An England win is many pundits’ prediction; thus, Monday’s match against Nigeria would be a foregone conclusion. Except for the ever-believing Nigerian fan, who has witnessed football miracles in the past. The 1989 feat by the U-20 team against the defunct Soviet Union and the comeback against Brazil at the 1996 Olympic Games readily spring to mind.
But will it be a miracle if/when the Super Falcons triumph over the English Lionesses on Monday? Not so. The Nigerian team qualified for the round of 16 by outlasting better FIFA-ranked teams, and in none of the matches, have they been lucky; they have shown they have the technical and athletic capacity to give as good as they get.
Just before the last group game against the Republic of Ireland, Coach Randy Waldrum said, “Now we’re here, we have to do what good teams do – we have to learn to finish the job.” While the Falcons have been refreshingly surprising by going through their group without losing, the task against European champions England is undoubtedly an arduous one.
England have scored eight goals and conceded once, and they boast Lauren James, a standout forward who is delivering goals and assists. Do the Falcons stand a chance? They stand a good chance as long as Coach Waldrum prepares his team with the correct strategy.
PREMIUM TIMES has gone through all six matches for Nigeria and England and there is a quiet optimism that the Falcons can shock the world once again.
England are dangerous
Former Falcons forward Mercy Akide says the English are “very technical, and they know how to manipulate the ball a lot”. She added that the Falcons don’t connect well with their passes, which creates a lot of turnovers for our opponents.
Against China, England started out in a 3-4-1-2 formation, which gave Lauren James a roving role and it paid off for Sarina Wiegman as James scored two goals and assisted three of the six goals. Her two goals-from a standing position outside the box from a free-kick and a free run into the box to produce a volley demonstrated her mobility and technical prowess. There was no Chinese defender within five yards of the Chelsea forward on both occasions.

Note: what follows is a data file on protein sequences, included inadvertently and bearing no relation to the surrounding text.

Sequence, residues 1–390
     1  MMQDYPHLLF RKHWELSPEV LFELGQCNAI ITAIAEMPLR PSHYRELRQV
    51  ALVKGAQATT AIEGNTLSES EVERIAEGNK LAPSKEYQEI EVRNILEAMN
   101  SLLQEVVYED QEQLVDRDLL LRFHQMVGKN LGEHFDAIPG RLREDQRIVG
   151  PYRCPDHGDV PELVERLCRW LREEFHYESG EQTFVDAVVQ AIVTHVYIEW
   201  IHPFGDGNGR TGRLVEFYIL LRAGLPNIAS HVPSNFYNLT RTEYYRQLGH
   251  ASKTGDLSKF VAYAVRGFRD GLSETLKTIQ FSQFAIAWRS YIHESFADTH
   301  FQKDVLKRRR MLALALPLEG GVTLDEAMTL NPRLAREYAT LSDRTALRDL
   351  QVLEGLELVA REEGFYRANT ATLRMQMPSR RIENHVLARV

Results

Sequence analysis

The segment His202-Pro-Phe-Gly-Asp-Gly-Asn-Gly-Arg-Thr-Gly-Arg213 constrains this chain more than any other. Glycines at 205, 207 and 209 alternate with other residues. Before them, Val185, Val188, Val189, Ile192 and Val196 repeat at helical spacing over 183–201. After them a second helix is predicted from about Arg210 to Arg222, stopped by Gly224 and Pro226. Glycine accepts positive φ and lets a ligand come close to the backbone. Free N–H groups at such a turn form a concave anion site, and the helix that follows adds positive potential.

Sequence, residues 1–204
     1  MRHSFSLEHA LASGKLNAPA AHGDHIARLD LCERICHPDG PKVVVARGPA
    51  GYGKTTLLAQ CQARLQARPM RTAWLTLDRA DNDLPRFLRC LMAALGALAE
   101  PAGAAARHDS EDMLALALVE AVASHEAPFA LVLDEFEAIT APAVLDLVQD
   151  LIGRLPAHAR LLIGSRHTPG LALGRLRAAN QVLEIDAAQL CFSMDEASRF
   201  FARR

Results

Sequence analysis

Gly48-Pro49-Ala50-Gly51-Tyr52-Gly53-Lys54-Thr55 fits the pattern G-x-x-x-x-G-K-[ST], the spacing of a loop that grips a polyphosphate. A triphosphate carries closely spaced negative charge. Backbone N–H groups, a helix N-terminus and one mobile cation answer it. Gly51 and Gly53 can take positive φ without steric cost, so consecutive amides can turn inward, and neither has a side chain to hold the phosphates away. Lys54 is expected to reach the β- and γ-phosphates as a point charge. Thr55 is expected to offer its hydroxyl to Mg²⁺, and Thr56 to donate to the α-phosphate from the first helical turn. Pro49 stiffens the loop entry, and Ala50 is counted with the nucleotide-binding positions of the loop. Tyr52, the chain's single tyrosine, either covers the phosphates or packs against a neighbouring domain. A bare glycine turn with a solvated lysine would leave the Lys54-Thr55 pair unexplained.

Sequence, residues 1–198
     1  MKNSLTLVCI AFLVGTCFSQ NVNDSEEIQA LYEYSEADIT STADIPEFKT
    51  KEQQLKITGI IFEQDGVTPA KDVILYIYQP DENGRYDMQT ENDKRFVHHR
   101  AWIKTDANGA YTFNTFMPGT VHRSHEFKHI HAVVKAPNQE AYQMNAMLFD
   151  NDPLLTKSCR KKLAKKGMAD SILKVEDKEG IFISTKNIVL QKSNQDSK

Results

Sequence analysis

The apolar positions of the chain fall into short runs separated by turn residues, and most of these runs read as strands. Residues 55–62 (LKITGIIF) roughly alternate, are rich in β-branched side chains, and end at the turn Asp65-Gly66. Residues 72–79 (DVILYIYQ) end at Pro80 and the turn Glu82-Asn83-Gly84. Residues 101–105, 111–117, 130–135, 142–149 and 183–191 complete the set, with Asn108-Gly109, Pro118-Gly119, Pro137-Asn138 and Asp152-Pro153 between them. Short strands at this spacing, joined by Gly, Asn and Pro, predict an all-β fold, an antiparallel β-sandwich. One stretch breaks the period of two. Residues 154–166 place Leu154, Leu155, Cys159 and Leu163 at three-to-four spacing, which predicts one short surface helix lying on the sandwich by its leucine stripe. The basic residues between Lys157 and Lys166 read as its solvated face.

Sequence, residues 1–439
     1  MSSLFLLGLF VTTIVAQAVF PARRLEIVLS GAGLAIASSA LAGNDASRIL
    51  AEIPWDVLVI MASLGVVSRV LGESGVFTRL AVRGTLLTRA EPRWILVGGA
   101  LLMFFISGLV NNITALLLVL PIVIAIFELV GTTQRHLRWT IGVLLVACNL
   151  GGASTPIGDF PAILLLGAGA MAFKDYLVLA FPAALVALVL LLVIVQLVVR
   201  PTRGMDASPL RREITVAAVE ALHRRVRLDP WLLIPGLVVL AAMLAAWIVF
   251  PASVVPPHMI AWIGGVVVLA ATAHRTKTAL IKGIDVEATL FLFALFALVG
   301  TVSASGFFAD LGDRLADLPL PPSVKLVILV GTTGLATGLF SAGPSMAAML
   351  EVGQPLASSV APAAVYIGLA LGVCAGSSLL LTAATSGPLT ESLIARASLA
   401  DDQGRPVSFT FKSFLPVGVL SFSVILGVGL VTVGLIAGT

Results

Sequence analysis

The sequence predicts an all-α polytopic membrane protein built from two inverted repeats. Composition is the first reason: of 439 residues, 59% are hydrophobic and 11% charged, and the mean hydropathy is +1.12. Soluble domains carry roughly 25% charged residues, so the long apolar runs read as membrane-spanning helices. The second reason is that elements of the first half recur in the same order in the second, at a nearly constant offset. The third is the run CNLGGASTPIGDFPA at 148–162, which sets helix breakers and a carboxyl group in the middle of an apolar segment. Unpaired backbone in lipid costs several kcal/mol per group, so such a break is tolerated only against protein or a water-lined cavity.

When the England coach explained the reason for the change in formation, she said, “We have played with a three at the back and then did things a little differently. Everyone really believed in the formation straight away, and you could see that on the pitch.
“We got a higher press. The team showed we are really adaptable, and we knew we could press the centre backs of China. This team have shown they are adaptable before and that we can change shape very easily.”
What Waldrum’s response should be
Coach Randy Waldrum can change the Falcons’ formation to a 4-5-1. This ensures an overload of the midfield and guarantees the space between the four defenders and the five midfielders is minimal, and will not be easily exploited.
The Falcons have proved that with 30% ball possession, they can hurt the opposition. In offensive mode, Rasheedat Ajibade should play very close to Asisat Oshoala. If she is leading the line, though, Ajibade would be the best, with Toni Payne playing close behind.
If Deborah Abiodun had been available, the Falcons would have performed admirably in a 4-3-2-1 formation with the 19-year-old functioning as the tyro, but Jennifer Echegini can fill in.
In England’s last two matches, James has been the difference maker, connecting their play in midfield, moving into the final third to join the attack, and scoring three goals and making three assists. On the back of those performances, Coach Waldrum will do well to detail a man-marker on her, and the best candidate will be Halimatu Ayinde. However, Ayinde will have to dampen down her enthusiasm to tackle and rob the player of the ball, which could lead to fouls and cautions.
Play like Haiti
A team that defends in low block frustrates the English, as shown by Haiti, and that should be Nigeria’s plan on Monday. The Haitians defended with nine players and were ready to spring forward at every turnover. With speedy players like Oshoala, Ayinde, and Payne, Coach Waldrum must prime the Falcons to make the turnovers count against England.
England have scored their goals from set pieces, runners from midfield, forcing turnovers, and inverted runs from their wingers. While it is not possible to block all these avenues, the Falcons cannot afford to lose concentration, especially in the last third. They have to be totally switched on and cut out mistakes, especially in their half of the pitch.
They can then be more daring in the final third and commit England’s slow central defenders like Alex Greenwood, Millie Bright, and Jessica Carter.
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